Qian Gao, Kris Simonyi, and Claudia Suen, Bio-Rad Laboratories, Inc., 2000 Alfred Nobel Drive, Hercules, CA 94547 USA
Western blotting is a traditional technique for detecting phosphorylated proteins within a variety of cell culture and tissue sample lysates. In recent years, new techniques that apply a sandwich antibody capture approach have become available for detecting phosphorylated proteins. These techniques include Bio-Plex phosphoprotein assays, which are multiplex bead-based assays for the detection of one or more different phosphorylated proteins within a single sample. Enzyme-linked immunosorbent assays (ELISA) are another technique that has been increasingly applied to detect phosphorylated proteins a single target at a time. In this study, commercially available Bio-Plex phosphoprotein and total target assays, and phosphoprotein and total ELISA assays, are compared with western blotting in terms of sensitivity, detection range, and level of correlation, for the detection of phospho- and total ERK and p38 MAPK.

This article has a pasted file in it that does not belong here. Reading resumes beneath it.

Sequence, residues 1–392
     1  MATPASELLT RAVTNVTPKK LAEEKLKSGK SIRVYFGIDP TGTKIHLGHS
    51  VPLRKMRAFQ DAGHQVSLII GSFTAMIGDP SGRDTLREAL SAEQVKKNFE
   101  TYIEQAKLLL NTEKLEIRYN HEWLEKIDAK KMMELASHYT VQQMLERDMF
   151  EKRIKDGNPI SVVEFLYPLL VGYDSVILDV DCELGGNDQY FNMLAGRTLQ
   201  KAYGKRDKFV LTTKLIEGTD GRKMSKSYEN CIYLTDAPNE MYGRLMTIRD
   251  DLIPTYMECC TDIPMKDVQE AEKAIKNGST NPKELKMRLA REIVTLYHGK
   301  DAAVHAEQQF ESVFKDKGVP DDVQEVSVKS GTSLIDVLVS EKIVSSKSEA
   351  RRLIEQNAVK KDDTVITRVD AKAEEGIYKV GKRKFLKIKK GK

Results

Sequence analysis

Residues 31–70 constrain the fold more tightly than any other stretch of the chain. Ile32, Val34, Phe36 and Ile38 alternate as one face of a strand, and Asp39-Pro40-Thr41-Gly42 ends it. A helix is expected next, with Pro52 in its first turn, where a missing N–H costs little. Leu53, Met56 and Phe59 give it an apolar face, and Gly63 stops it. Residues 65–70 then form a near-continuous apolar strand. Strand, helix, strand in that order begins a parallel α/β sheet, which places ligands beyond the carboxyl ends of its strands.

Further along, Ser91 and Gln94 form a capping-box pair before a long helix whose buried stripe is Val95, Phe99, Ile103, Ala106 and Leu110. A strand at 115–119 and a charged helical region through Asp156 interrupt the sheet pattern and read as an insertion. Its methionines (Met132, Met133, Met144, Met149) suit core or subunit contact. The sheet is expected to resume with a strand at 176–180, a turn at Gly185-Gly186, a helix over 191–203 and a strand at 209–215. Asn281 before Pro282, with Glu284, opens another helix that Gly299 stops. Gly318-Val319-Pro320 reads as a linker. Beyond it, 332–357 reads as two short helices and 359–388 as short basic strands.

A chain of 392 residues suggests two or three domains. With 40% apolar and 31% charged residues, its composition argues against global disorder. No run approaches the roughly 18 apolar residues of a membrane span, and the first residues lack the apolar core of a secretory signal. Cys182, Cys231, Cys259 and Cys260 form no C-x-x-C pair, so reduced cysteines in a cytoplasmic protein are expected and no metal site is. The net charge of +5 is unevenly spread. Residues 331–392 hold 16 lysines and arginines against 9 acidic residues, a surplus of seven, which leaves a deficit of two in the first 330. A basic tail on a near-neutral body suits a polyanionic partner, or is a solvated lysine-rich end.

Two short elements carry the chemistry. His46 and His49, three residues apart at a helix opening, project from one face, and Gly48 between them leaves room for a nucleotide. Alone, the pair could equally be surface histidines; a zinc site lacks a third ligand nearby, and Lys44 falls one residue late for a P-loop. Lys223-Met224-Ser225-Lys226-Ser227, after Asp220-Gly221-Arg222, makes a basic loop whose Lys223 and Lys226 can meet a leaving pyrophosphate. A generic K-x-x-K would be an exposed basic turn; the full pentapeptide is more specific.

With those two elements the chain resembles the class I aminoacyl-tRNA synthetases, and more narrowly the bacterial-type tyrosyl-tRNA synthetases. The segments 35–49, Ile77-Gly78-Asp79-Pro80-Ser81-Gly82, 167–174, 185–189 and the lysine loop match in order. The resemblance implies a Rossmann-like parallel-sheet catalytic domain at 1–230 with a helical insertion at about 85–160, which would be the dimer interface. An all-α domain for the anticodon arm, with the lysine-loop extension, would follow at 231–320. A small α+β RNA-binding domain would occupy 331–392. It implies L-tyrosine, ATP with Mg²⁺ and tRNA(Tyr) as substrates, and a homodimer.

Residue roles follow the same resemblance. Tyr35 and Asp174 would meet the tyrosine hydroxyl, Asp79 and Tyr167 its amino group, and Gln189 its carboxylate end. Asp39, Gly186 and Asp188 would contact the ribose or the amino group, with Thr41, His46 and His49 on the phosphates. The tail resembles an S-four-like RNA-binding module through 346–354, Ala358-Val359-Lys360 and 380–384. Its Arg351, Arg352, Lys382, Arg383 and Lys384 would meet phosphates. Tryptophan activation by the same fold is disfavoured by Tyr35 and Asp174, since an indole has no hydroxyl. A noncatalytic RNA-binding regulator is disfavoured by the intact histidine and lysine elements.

Lysates of HEK 293 and HeLa cells were prepared according to two techniques. The Bio-Plex cell lysis kit was used to prepare cell lysates for western blot and Bio-Plex analysis (refer to bulletin 3033). A different lysing protocol specified in the ELISA kit vendors manual was followed to prepare cell lysates for ELISA.
The procedure detailed in bulletin 3033 was followed for western blot analysis. The procedure provided in the Bio-Plex phosphoprotein detection reagent kit was followed for the Bio-Plex phosphoprotein and total t